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ARS Home » Southeast Area » Little Rock, Arkansas » Microbiome and Metabolism Research Unit » Research » Publications at this Location » Publication #270278

Title: Soy peptide lunasin induces pten-mediated apoptosis in human breast cancer cells

item PABONA, JOHN MARK - Arkansas Children'S Nutrition Research Center (ACNC)
item DAVE, BHUVANESH - Methodist Hospital
item RAHAL, OMAR - Arkansas Children'S Nutrition Research Center (ACNC)
item LUMEN, BEN - University Of California
item MEJIA, ELVIRA - University Of Illinois
item SIMMEN, ROSALIA - Arkansas Children'S Nutrition Research Center (ACNC)

Submitted to: Federation of American Societies for Experimental Biology Conference
Publication Type: Abstract Only
Publication Acceptance Date: 12/15/2010
Publication Date: 4/1/2011
Citation: Pabona, J.P., Dave, B., Rahal, O., Lumen, B.O., Mejia, E., Simmen, R.C. 2011. Soy peptide lunasin induces pten-mediated apoptosis in human breast cancer cells. The FASEB Journal. 25(Meeting Abstract):213.3.

Interpretive Summary: Breast cancer is the most frequently diagnosed life-threatening cancer and currently the leading cause of cancer death among women. Several studies have shown that diet modifies the risk of developing breast cancer. One of these is soy protein, which has been implicated to have protective effects against breast cancer. One of the most studied soy component is genistein (GEN) and the identity of other components remains relatively unknown. In this study, we further characterize other bioactive component of soy which is lunasin (LUN) that was detected in sera of rats and humans consuming soy-rich diets. Our findings suggest that this bioactive component mediate cell death in human breast cancer cells.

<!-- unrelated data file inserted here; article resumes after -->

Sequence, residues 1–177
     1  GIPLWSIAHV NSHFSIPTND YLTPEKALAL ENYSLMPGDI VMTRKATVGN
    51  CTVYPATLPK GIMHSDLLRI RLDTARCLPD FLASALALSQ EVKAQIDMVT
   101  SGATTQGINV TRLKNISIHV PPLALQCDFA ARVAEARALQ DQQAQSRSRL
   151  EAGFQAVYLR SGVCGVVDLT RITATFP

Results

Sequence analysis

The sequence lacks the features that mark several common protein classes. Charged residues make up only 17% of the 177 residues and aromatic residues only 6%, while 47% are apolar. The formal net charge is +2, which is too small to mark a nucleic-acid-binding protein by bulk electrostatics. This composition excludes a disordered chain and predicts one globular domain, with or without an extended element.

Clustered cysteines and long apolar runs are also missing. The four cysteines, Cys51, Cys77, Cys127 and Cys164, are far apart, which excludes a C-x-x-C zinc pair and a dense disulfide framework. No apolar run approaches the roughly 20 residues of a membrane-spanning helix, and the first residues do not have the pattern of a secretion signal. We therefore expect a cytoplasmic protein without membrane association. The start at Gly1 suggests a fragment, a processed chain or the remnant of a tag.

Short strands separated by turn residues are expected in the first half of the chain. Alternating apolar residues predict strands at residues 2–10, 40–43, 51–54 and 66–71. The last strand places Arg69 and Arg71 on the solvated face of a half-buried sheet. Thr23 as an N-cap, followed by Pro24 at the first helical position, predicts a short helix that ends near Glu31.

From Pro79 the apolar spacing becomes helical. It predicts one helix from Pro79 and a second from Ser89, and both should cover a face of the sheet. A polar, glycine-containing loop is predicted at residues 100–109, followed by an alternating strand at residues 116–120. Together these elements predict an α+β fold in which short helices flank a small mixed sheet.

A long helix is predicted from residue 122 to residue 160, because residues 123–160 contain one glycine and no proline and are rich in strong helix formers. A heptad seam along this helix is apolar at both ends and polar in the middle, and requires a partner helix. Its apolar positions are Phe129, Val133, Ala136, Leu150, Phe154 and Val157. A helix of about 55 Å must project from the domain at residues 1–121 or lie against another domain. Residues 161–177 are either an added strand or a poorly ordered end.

Technical Abstract: The tumor suppressor PTEN inhibits the AKT signaling pathway whose unrestrained activity underlies many human malignancies. Previously we showed that dietary intake of soy protein isolate (SPI) enhanced PTEN expression in mammary tissue of rats with lower NMU-induced mammary tumor incidence relative to those fed casein-based diet. While epidemiological studies corroborate the breast cancer protective effects of soy, specifically of the major soy isoflavone genistein (GEN), the identity of other bioactive soy components remains relatively unknown. Here we evaluated the effects of lunasin, a soybean peptide previously detected in sera of rats and humans consuming soy-rich diets, on PTEN-mediated apoptosis of the mammary carcinoma cell line MCF-7. Lunasin (2 µM >50 nM) increased PTEN expression and nuclear localization (by 2.5-fold); enhanced PTEN-mediated cellular apoptosis (by 10-15-fold); and altered levels of p53 (increased) and p21WAF1 (decreased) transcripts (P<0.05). GEN (2 µM >20 nM) elicited similar effects as lunasin on PTEN expression and PTEN-mediated apoptosis in MCF-7 cells. Lunasin and GEN are known to regulate core histone acetylation by which PTEN promoter activity is similarly controlled. Findings suggest that activation of PTEN expression by bioactive soy components, possibly via epigenetic mechanisms may underlie breast cancer protection.